Just over a week ago we reported that all five reactors now under construction in the U.S. are experiencing delays and cost overruns. At a hearing Tuesday before the Georgia Public Service Commission on construction of Southern Company’s two Vogtle reactors, the Commission’s own experts “reiterated concerns about struggles for the project south of Augusta. Georgia Power customers are already paying for financing of the expansion on their monthly power bills and one expert has said any additional delay could cost the company $2 million a day. Those costs could be picked up by ratepayers.”
The big news of the day–and news that indicates further delays are likely–was that Southern Company’s Georgia Power division has switched suppliers for some of the very large components of the reactors. The company had chosen a modular approach for construction, which it had hoped would result in lower costs and speedier construction. But the company it chose, CB&I, has been both behind schedule and unable to meet quality control standards.
“A factory owned by CB&I in Lake Charles, Louisiana, was producing large structural modules, some weighting tens of tons, that could be picked up by a crane and hoisted into place. The technique was supposed to be faster and cheaper than building a plant part-by-part at the construction site.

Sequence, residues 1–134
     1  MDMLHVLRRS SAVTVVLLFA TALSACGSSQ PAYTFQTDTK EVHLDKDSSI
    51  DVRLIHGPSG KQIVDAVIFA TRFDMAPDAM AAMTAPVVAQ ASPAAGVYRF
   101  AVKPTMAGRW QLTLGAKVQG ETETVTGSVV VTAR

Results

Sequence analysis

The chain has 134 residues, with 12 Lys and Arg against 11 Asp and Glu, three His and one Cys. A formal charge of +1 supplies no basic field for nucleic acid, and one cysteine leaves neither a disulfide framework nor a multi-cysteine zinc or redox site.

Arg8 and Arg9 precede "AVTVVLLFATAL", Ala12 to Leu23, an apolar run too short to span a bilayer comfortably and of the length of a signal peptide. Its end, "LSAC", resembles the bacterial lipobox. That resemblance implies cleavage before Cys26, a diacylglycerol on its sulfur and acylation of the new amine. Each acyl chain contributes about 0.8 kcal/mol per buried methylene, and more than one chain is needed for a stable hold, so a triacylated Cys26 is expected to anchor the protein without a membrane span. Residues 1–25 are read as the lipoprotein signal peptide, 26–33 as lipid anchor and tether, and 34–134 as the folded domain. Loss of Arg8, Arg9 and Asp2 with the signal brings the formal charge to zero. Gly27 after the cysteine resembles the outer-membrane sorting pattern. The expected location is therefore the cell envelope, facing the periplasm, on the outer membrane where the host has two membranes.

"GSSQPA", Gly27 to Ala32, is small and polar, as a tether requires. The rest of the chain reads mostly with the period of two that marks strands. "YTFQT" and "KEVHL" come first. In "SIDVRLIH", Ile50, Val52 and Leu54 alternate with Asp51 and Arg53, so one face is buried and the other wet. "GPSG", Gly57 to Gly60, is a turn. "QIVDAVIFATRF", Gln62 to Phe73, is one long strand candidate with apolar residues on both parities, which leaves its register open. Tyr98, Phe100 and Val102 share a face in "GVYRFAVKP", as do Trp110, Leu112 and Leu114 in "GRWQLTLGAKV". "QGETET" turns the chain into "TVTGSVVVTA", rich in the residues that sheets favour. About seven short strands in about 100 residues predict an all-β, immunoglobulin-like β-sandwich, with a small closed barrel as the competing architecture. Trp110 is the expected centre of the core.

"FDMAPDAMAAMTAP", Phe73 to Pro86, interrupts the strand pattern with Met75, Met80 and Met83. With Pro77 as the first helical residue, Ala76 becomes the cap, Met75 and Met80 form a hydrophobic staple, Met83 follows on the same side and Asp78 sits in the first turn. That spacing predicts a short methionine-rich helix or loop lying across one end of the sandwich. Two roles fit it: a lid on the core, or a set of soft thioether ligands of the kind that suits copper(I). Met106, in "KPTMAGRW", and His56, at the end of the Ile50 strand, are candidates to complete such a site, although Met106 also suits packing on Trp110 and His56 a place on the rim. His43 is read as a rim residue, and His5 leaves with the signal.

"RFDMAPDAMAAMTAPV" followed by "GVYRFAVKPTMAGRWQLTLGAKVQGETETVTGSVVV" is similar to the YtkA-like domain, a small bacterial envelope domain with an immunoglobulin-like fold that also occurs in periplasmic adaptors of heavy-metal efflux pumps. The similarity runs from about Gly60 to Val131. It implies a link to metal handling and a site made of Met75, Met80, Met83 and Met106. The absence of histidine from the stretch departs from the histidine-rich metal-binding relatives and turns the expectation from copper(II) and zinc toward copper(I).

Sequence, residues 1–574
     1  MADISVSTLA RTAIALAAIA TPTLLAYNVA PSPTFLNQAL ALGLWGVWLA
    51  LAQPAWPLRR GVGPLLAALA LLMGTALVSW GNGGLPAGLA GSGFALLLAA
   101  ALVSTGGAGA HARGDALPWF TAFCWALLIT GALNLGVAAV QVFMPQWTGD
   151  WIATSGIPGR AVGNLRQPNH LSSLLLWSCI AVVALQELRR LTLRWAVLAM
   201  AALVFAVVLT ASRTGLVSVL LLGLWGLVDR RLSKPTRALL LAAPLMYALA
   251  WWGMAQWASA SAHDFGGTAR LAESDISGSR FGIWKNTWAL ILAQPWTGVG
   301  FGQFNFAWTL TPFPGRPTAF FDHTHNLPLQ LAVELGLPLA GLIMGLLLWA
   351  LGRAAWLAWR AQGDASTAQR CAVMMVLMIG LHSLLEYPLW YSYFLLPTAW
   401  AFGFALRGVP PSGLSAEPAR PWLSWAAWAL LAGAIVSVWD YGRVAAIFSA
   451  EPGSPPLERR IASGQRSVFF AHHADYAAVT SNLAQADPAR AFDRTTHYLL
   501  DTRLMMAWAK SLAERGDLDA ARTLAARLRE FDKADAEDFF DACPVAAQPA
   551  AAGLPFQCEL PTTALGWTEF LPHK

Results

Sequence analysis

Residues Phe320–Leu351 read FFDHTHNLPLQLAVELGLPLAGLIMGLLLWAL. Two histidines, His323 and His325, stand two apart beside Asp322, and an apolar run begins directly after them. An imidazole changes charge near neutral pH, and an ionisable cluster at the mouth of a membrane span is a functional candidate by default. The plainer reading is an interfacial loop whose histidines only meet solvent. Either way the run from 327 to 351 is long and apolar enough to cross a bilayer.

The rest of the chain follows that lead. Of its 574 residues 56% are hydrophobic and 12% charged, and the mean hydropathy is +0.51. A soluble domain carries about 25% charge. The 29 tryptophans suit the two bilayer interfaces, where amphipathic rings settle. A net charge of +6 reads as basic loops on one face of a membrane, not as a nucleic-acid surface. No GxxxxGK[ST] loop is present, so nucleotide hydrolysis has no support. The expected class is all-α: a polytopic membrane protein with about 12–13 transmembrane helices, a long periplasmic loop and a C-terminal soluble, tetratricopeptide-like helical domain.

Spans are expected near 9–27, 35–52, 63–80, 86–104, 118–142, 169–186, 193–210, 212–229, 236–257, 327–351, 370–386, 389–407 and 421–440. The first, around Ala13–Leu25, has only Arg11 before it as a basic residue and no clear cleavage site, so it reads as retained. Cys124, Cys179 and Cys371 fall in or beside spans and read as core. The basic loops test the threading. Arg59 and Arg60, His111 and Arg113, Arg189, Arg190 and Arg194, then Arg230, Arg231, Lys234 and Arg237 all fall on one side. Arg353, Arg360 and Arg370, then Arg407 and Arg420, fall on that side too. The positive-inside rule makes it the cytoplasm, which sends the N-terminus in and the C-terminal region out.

“However, the CB&I facility has struggled to produce the modules while meeting the detailed quality control rules required for the nuclear industry. Jacobs [William Jacobs, a nuclear engineer hired by the PSC] wrote in a recent report that the factory was ‘not prepared for the rigor of nuclear construction.’
“‘Certainly there have been problems at Lake Charles getting the modules, so I guess it’s not totally surprising that the consortium would go ahead and look around,’ Jacobs said during a hearing at Georgia’s Public Service Commission. CB&I spokeswoman Gentry Brann declined to comment, referring questions back to Georgia Power.”
Switching giant manufacturing facilities in the middle of a project is not likely to speed things up–the new companies have to gear up to be able to produce components that large, and there is no guarantee they’ll do any better of a job than CB&I. The issue may be the first-of-a-kind modular approach Georgia Power adopted is more difficult to accomplish than the utility believed. Not that manufacturing incompetence can be simply dismissed as a cause of the problems…
But don’t expect the Georgia PSC to actually step in and do anything about the escalating costs and schedule delays, at least not while there are PSC Commissioners like Lauren W. “Bubba” McDonald, Jr. in office. Yes, “Bubba.”
Bubba told the Kiwanis Club of Gainesville, Georgia recently that he’s all for nuclear power and the Vogtle reactors, “It’s going to be the saving grace for Georgia,” McDonald said. “It’s clean, it’s safe and it’s cheap.”
That “cheap” part looks like it’s going to come back and bite Bubba in the you-know-where. But until then, Georgia ratepayers, under the state’s antiquated law that forces them to pay for the reactors in advance–whether or not they ever generate any electricity at all, much less affordable electricity–will be the ones who suffer.
In last week’s article cited above, we noted a study filed by the project’s construction monitors casting doubt on Georgia Power’s cost and schedule estimates, but we did not have a link for it. It can be found here.
July 3, 2014
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